When I am with a new client working on a pitch, I am usually asked how other agencies handle the responsibilities of writing the deck. While revealing how a particular agency handles deck writing would be like revealing Kentucky Fried Chicken’s secret recipe, there are basically two different philosophies of deck writing represented by a deck dictator versus a deck democracy.
The deck dictator scenario is where one person writes every deck. The biggest advantage of the pitch dictator is that the agency is assured of a consistent flow and cadence to the deck with a low chance of inconsistencies. This typically makes it much easier for the audience to track with the presenters and follow the story. While this is the only significant advantage, the advantage is enormous and should not be overlooked.
The disadvantages of the pitch dictator are numerous. The most obvious is the tendency to get only one point of view. If that point of view is in line with the client, you are golden. If not, you will likely lose the pitch.
From a management standpoint, one author handling all new business puts the agency in a precarious spot. Basically, the entire new business engine is being run by one person. That person can then dictate their terms to management when it comes to compensation. Meanwhile, two or three concurrent pitches, a pitch during the dictator’s honeymoon, or a wayward bus on 5th Avenue could all put the agency in trouble.
Another disadvantage of the pitch dictator is the tone of voice. Presenters have different tones and manners in their presentations, and if they are not writing the content, the tone is not likely to fit their style. A presenter that needs talking points on the screen could be completely flustered by a dictator that does not believe in talking points. A more formal choice of words, which may work for a copywriter, might be completely inappropriate for someone without a copy background.
Finally, the dictator can become the bottleneck in the process, and virtually no work takes place until after the deck is written. Since people have little input on their slides, no one feels any urgency to do any work since they are going to be told what to say and how to say it.
At the other end of the deck spectrum is the deck democracy, where many authors contribute to the process. The big advantages of this style are that more people are developing their new business skills, the bottleneck is distributed among a number of people, and the agency is better prepared to handle multiple pitches (or wayward busses).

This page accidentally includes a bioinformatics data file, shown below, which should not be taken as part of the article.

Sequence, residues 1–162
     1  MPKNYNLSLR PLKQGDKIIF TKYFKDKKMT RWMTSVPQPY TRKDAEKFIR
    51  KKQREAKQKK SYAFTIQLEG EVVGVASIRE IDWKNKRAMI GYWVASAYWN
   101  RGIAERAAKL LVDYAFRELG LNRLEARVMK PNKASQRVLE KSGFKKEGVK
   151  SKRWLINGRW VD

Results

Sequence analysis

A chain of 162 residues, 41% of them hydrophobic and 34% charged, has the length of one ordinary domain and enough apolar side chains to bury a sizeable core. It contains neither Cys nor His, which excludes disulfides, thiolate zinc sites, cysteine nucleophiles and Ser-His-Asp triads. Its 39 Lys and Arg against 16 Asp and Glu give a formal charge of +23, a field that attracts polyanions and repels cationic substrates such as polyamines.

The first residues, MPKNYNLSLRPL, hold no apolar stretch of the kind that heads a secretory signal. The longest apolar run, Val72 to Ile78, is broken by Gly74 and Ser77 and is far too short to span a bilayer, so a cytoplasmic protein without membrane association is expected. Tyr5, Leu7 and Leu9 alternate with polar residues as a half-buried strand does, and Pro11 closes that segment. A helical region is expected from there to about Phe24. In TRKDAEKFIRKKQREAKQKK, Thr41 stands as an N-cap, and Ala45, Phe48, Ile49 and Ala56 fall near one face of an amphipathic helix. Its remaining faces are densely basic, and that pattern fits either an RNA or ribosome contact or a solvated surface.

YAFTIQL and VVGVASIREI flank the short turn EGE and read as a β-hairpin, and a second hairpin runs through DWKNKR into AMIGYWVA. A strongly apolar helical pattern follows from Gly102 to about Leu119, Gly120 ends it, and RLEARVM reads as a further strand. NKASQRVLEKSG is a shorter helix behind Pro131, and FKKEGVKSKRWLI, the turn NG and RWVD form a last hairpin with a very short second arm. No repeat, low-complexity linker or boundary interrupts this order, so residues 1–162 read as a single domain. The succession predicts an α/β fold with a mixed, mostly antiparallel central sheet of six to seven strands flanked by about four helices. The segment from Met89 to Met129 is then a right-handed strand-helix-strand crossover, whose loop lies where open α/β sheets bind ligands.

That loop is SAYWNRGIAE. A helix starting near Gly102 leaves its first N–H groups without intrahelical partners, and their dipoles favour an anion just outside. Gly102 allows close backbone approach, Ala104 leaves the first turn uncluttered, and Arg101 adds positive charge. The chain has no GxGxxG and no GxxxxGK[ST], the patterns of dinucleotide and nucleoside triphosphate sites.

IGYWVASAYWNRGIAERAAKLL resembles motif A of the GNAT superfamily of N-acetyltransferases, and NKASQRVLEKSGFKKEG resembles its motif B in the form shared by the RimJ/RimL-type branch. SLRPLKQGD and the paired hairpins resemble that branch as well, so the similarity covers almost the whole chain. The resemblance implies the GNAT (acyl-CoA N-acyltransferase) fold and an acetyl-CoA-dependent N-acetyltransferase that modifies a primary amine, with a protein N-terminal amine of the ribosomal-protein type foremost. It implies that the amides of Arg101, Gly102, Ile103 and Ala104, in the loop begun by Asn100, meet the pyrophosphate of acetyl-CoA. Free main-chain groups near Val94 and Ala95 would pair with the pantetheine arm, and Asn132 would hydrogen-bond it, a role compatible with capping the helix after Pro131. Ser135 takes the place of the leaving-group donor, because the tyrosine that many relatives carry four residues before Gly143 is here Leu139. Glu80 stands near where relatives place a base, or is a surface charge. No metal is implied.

From a presentation standpoint, deck democracies are a mixed bag. While it is a significant advantage to have people write their own content, the downside is that this process frequently leads to subtle contradictions in the deck where presenter A says one thing and 30 minutes later, presenter B says something that conflicts, confusing the audience. A way to avoid this is to have enough time to rehearse to uncover the contradictions.
The presentation advantage of a deck democracy is that people own their content. It is written in their tone of voice and they should completely understand their slides since they wrote the slides. This ownership should lead to more genuine and compelling presentations.
If the more democratic approach makes more sense to you, there are a few techniques that will make it go more smoothly. First, have one person in charge of writing the agenda and organizing the content. This will help to make the content flow better and be easier to follow. Develop a style guide that lets staff understand the basic methodology to putting together slides. For example, bullets should not have children or grandchildren. No more than five bullets per slide. Bullets should be as short as possible and not full sentences. When possible, use a picture instead of a bullet. This will help to make the deck look more consistent. The last thing to keep your eye out for is that not everyone is going to be good at writing content. Including bad content simply because it is already written is not doing anyone any favors. Weed the garden and get rid of weak content.
I have seen both the dictator and the democracy systems work. Agencies that win the most seem to be best at adapting themselves to address the weaknesses of either the dictator or the democracy. Pick whichever system works best for you, but have your eyes open for the built in disadvantages of each option.
Filament Inc. - Pitch Consultant